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   The founder of Bulgari, Sotirio Voulgaris, was born in 1857 and into a lineage of migrant Greek silversmiths. Sotirio wanted to put his talents to good use and forge his own path. Thus, he moved to Rome in around 1880-81 and sought to utilize his excellent metalworking skills to become successful. By 1884, he founded his shop in via Sistina. This store featured an assortment of goods, such as antiques, tableware, buttons, bracelets, buckles, and belts of silver. At around this time, he had married and had two sons, Costantino and Giorgio. The family name was also Romanized to Bulgari.

   In 1905, with the help of his sons, the earlier flagship store in via Sistina was replaced by a store in via dei Condotti. This flagship store would become and remain the headquarters of the company throughout the whole of the 20th century. There would now be engraved silver serving pieces and decorative ceramics. Additionally, there would be silver and gold jewelry, with both often set with precious gemstones. The first two decades of the 20th century saw the company take on a reputation of worldliness and being fashionable and sophisticated. His sons took over after his death in 1932 and renovated the flagship and changed the logo to BVLGARI. Products were now being heavily influenced by Parisian style, with diamonds set in platinum. World War II led to a severe shortage of jewelry, but the postwar boom saw the re-usage of rubies, sapphires, emeralds, and diamonds set in platinum. Also, floral motifs with en tremblant designs that moved with the wearer proved to be popular. 

   The 1960s saw a departure from Parisian style and the adoption of a unique BVLGARI style. Diamond centerpieces were replaced with colored gemstones with a smooth, domed cut, known as cabochon. Diamonds were reduced to a supporting role. Rubies, sapphires, and emeralds were replaced with gemstones that provided a more artistic look. Smooth outlines and highly stylized forms in yellow gold rounded out the style. This style focused on art and architecture rather than nature. 

   Giorgio’s three sons Paolo, Gianni, and Nicola represented the 3rd generation within the family business. They took over starting in 1967. Paolo was the artist who was noted for his excellent ability to combine tradition and innovation in his designs. Nicola was the businessman, but also integrated his hobby of ancient coin collecting into the family business. “Coin Gems” were used in all kinds of jewelry and became a brand trademark.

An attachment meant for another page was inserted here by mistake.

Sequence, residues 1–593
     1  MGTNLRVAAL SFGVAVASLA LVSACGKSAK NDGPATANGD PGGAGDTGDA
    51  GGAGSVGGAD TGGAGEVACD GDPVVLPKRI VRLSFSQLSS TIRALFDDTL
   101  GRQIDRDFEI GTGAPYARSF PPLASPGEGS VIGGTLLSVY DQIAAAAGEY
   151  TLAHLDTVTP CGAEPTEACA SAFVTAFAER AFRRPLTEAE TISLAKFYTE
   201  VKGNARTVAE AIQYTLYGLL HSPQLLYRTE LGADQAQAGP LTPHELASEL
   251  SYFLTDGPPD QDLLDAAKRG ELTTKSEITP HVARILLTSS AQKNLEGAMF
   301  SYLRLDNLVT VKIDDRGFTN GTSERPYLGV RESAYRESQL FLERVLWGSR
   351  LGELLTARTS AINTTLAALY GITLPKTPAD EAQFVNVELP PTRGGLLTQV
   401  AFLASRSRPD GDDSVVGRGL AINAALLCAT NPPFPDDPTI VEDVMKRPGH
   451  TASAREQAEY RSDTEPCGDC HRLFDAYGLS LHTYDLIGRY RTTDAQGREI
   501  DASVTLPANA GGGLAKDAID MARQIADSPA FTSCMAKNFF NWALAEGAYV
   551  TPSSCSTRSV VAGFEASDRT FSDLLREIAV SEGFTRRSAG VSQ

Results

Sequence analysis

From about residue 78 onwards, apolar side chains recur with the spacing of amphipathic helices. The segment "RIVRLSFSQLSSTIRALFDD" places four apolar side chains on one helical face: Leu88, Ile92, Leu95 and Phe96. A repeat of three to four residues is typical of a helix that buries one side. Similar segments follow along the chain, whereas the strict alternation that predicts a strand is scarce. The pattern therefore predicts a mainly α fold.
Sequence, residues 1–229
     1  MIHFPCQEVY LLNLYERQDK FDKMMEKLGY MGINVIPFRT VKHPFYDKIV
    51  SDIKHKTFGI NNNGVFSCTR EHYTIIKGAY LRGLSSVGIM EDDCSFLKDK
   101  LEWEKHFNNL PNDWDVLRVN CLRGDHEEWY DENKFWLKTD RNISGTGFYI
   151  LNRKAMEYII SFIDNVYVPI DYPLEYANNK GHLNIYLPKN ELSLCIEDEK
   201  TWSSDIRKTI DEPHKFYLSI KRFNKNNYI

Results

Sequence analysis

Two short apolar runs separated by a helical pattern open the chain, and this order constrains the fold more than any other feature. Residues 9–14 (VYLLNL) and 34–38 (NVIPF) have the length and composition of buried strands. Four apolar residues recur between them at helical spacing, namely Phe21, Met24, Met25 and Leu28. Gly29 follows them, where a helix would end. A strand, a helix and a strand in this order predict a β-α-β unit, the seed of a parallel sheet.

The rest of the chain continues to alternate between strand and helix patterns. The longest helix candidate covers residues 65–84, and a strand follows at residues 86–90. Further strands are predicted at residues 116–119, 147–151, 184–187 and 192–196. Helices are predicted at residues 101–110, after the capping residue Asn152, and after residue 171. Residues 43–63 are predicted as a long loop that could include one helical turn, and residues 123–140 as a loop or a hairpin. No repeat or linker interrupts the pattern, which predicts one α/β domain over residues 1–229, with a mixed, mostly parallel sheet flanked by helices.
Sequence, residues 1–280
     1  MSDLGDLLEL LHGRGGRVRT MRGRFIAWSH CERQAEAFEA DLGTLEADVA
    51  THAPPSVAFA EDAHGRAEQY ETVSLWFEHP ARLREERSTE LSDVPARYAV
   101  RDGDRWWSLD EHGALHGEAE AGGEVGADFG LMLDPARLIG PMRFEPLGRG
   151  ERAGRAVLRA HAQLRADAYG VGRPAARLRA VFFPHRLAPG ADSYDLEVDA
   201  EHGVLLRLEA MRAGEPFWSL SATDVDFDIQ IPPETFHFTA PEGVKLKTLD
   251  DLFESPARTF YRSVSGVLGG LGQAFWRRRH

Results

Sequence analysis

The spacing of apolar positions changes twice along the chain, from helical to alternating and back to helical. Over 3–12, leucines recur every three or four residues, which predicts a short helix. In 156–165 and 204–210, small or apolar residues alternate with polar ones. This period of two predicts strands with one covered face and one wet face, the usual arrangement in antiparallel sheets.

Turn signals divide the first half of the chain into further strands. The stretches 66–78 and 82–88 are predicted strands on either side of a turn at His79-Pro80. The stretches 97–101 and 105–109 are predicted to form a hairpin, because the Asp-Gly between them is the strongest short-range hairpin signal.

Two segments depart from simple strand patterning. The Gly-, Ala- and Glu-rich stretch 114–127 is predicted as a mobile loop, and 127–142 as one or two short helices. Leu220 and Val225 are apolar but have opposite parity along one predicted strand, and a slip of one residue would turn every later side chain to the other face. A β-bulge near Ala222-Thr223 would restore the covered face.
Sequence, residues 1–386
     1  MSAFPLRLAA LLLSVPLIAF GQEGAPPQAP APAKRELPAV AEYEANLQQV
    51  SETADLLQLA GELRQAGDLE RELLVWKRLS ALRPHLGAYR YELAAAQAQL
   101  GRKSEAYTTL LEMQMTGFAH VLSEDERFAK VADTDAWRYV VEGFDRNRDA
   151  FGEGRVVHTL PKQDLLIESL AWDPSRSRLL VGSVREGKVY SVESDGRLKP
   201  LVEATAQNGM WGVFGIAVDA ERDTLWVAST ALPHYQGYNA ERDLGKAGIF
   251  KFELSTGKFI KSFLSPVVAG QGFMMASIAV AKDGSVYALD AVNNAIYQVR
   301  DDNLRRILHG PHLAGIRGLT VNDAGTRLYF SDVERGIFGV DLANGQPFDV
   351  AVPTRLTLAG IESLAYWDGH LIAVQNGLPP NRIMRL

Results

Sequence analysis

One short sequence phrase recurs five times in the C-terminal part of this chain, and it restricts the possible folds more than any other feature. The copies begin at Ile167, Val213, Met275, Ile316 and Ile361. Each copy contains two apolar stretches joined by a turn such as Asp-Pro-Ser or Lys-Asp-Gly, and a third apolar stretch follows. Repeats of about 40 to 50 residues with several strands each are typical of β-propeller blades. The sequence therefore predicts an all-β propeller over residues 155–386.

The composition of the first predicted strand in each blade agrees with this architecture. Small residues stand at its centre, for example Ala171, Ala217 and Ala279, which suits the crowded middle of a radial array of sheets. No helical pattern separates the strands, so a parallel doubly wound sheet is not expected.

The 1970s saw the introduction of wristwatches, the first of which was the most popular and highest selling. The company expanded internationally with stores in New York, Geneva, Monte Carlo, and Paris and attracted many celebrities, such as Elizabeth Taylor. Its innovations legitimized it as a trendsetter. The early 1980s saw stagnation, but Francesco Trapani replaced Gianni as chief executive and expanded the company further with stores in Europe, Asia, and the United States. New designers were hired and advertising was boosted. Designs incorporated new themes and became more wearable for everyone, not just the rich. Both low-end and high-end materials could be combined in an infinite number of ways to form various kinds of jewelry. 

   The 1990s saw the diversification of goods that were offered for the expansion of the audience and more growth. Fragrances, silk scarves, neckties, eyewear, and various leather goods were thus introduced to great success. 24 new outlets were opened, with expansion in former Soviet countries in Europe, more in the U.S. and Asia, and breaching new territory in the Middle East and Australia. All of this success established Trapani as the de facto leader of the company for years to come. Recently, the company was acquired by LVMH in exchange for shares, which has made the Bulgari family the second-biggest family shareholder in LVMH behind the Arnaults. 



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